Dominic Raab, the former Brexit secretary who triggered the current crisis by resigning on Tuesday, said he had been speaking "intensively" with Ms Leadsom and other ministers looking to change her deal.
May insisted she hasn't considered quitting as furious Conservative rebels try to gather the numbers to trigger a no-confidence vote.
The other is if 15% of Conservative MPs - now 48 - write letters saying they no longer have confidence in her.
Sir Graham told BBC Radio 5 Live that not even his wife knows how many letters he has received from other Conservative MPs.
"I have heard it said that this is like a football match, in which we are one-nil down at half-time, but as the Prime Minister suggested in her interview. we can still pull it back and get the Brexit we want", Johnson wrote in his weekly column for Monday's Daily Telegraph.
She also said she would be meeting European Commission chief Jean-Claude Juncker in Brussels ahead of the summit.
European Council President Donald Tusk has cast little doubt on the prospect of the deal being ratified, but has also said that "Brexit is a lose-lose situation, and that our negotiations were only about damage control".
British newspapers reported that five senior pro-Brexit ministers were working to pressure May to change the deal, but May said she saw no alternative plan on the table.
Tom Watson says it is time for Labour to be given a chance to rescue Brexit as he called for a General Election amid turmoil at the heart of Government.
"There is still more to be done and we do still have more time before the EU Council at the end of the month so I'm absolutely committed to getting the Brexit that 17.4 million people voted for", she added.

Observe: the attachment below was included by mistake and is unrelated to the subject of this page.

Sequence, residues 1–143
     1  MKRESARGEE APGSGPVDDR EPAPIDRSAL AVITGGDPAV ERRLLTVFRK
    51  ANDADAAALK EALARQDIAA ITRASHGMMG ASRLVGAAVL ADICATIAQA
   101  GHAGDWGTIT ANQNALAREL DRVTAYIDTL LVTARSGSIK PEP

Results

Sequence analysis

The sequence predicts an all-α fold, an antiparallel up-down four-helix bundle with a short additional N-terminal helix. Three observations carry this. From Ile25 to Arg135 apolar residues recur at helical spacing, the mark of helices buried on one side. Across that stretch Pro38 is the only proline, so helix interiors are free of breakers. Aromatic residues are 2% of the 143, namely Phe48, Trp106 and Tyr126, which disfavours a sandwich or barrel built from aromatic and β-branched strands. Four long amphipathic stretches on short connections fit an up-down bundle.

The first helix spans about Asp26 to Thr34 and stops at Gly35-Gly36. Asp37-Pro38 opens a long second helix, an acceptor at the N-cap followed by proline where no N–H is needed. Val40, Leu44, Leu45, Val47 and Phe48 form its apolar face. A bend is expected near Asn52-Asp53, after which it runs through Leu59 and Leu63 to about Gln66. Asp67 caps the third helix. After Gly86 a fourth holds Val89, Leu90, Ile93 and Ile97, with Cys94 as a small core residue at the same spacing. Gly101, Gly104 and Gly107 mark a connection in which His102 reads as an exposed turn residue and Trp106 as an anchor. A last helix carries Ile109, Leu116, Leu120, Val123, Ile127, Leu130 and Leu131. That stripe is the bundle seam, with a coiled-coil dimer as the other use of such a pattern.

DeVos proposes overhaul to campus sexual misconduct rules
Rumors were circulating shortly after the midterm elections that DeVos was going to be stepping down from her position in January. Supporters said the rules would better ensure fairness in proceedings they believe have become too skewed against the accused.
May said Corbyn was "playing party politics" with Brexit.
Wendy Morton, Tory MP for Aldridge and Brownhills, has rallied behind the beleaguered PM, pledging her full support for her contentious Brexit deal. The November 25 event will see leaders of the remaining 27 EU states asked to put their stamp on the document, and the agreement will then be sent for ratification to both the Westminster Parliament and the European Parliament.
Mrs Braverman said: 'I do want the prime minister to continue but I want us to stick to the policies that were voted for in the referendum.
"I do think there is a point at which, we probably should have done it before, where we just say "I'm sorry this is the United Kingdom of Great Britain and Northern Ireland, we can not accept those dictated terms".
But some pro-Brexit Conservative MPs rallied against it because the United Kingdom will be in a customs union with the EU for years after Brexit, unable to sign meaningful trade deals with other countries, without the unilateral right to leave.
"There is still a margin to improve certain points and to clarify some of the measures, has said the british minister in charge of Relations with the Parliament, Andrea Leadsom".
He added that a deal should be demanded that would allow the country to leave the Customs Union unilaterally.
More than 20 have publicly said they have done so.
"If MPs (legislators) reject the deal, they will simply take us back to square one".
Leadsom told the BBC on Saturday that the deal needed improving and that the 'UK can not be trapped in a permanent customs arrangement.' Many are sceptical as to whether the European Union would make significant concessions if forced back to the negotiation table.